CASE expressions

For particular use in the result clause, you can make use of a CASE expression where you want to return different things based on some condition(s). Like this

Query q = em.createQuery(
    "SELECT p.personNum, CASE WHEN p.age < 18 THEN 'Youth' WHEN p.age >= 18 AND p.age < 65 THEN 'Adult' ELSE 'Old' END FROM Person p");

So in this case the second result value will be a String, either "Youth", "Adult" or "Old" depending on the age of the person. The BNF structure of the JPQL CASE expression is

CASE WHEN conditional_expression THEN scalar_expression {WHEN conditional_expression THEN scalar_expression}* ELSE scalar_expression END
                

JPQL Functions

JPQL provides an SQL-like query language. Just as with SQL, JPQL also supports a range of functions to enhance the querying possibilities. The tables below also mark whether a particular method is supported for evaluation in-memory.

Please note that you can easily add support for other functions for evaluation "in-memory" using this DataNucleus plugin point

Please note that you can easily add support for other functions with RDBMS datastore using this DataNucleus plugin point

Aggregate Functions

There are a series of aggregate functions for aggregating the values of a field for all rows of the results.

Function Name Description Standard In-Memory
COUNT(field) Returns the aggregate count of the field (Long)
MIN(field) Returns the minimum value of the field (type of the field)
MAX(field) Returns the maximum value of the field (type of the field)
AVG(field) Returns the average value of the field (Double)
SUM(field) Returns the sum of the field value(s) (Long, Double, BigInteger, BigDecimal)

String Functions

There are a series of functions to be applied to String fields.

Function Name Description Standard In-Memory
CONCAT(str_field, str_field2 [, str_fieldX]) Returns the concatenation of the string fields
SUBSTRING(str_field, num1 [, num2]) Returns the substring of the string field starting at position num1, and optionally with the length of num2
TRIM([trim_spec] [trim_char] [FROM] str_field) Returns trimmed form of the string field
LOWER(str_field) Returns the lower case form of the string field
UPPER(str_field) Returns the upper case form of the string field
LENGTH(str_field) Returns the size of the string field (number of characters)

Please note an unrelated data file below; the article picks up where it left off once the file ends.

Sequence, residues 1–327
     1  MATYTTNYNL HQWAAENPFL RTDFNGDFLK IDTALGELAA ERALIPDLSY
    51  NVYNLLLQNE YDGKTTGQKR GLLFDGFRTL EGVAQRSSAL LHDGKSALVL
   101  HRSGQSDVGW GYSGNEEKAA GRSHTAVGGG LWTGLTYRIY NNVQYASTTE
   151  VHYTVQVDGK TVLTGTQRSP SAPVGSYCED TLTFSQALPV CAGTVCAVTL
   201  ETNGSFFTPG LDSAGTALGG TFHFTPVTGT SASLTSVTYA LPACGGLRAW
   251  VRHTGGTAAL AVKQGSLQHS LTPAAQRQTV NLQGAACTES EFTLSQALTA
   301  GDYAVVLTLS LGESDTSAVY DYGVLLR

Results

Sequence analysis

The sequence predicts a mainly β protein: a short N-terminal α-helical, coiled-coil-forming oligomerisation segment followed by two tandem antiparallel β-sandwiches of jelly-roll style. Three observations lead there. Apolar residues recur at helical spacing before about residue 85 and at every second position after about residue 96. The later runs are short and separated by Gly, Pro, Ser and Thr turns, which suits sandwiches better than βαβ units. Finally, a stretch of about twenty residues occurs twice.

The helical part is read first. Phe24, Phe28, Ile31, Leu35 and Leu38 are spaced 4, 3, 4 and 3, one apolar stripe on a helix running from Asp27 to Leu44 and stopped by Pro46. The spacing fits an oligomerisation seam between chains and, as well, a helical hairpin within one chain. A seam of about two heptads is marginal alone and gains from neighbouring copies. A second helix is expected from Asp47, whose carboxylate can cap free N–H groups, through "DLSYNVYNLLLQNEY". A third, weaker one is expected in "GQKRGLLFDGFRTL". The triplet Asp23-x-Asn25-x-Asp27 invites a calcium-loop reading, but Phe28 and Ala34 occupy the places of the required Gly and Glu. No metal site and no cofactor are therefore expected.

LOCATE(str_field1, str_field2 [, num]) Returns position of str_field2 in str_field1 optionally starting at num

Temporal Functions

There are a series of functions for use with temporal values

Function Name Description Standard In-Memory
CURRENT_DATE Returns the current date (day month year) of the datastore server
CURRENT_TIME Returns the current time (hour minute second) of the datastore server
CURRENT_TIMESTAMP Returns the current timestamp of the datastore server
YEAR(dateField) Returns the year of the specified date
MONTH(dateField) Returns the month of the specified date
DAY(dateField) Returns the day of the month of the specified date
HOUR(dateField) Returns the hour of the specified date
MINUTE(dateField) Returns the minute of the specified date
SECOND(dateField) Returns the second of the specified date

Collection Functions

There are a series of functions for use with collection values

Function Name Description Standard In-Memory
INDEX(field) Returns index number of the field element when that is the element of an indexed List field.
SIZE(collection_field) Returns the size of the collection field. Empty collection will return 0

Arithmetic Functions

There are a series of functions for arithmetic use

Function Name Description Standard In-Memory
ABS(numeric_field) Returns the absolute value of the numeric field
SQRT(numeric_field) Returns the square root of the numeric field
MOD(num_field1, num_field2) Returns the modulus of the two numeric fields (num_field1 % num_field2

Other Functions

You have a further function available

Function Name Description Standard In-Memory
FUNCTION(name, [arg1 [,arg2 ...]]) Executes the specified SQL function "name" with the defined arguments

Ordering of Results

By default your results will be returned in the order determined by the datastore, so don't rely on any particular order. You can, of course, specify the order yourself. You do this using field/property names and ASC/DESC keywords. For example

field1 ASC, field2 DESC

which will sort primarily by field1 in ascending order, then secondarily by field2 in descending order.

Although it is not (yet) standard JPQL, DataNucleus also supports specifying a directive for where NULL values of the ordered field/property go in the order, so the full syntax supported is

fieldName [ASC|DESC] [NULLS FIRST|NULLS LAST]

Note that this is only supported for a few RDBMS (H2, HSQLDB, PostgreSQL, DB2, Oracle, Derby, Firebird, SQLServer v11+).


Subqueries

With JPQL the user has a very flexible query syntax which allows for querying of the vast majority of data components in a single query. In some situations it is desirable for the query to utilise the results of a separate query in its calculations. JPQL also allows the use of subqueries. Here's an example

SELECT Object(e) FROM org.datanucleus.Employee e 
WHERE e.salary > (SELECT avg(f.salary) FROM org.datanucleus.Employee f)

So we want to find all Employees that have a salary greater than the average salary. The subquery must be in parentheses (brackets). Note that we have defined the subquery with an alias of "f", whereas in the outer query the alias is "e".

ALL/ANY Expressions

One use of subqueries with JPQL is where you want to compare with some or all of a particular expression. To give an example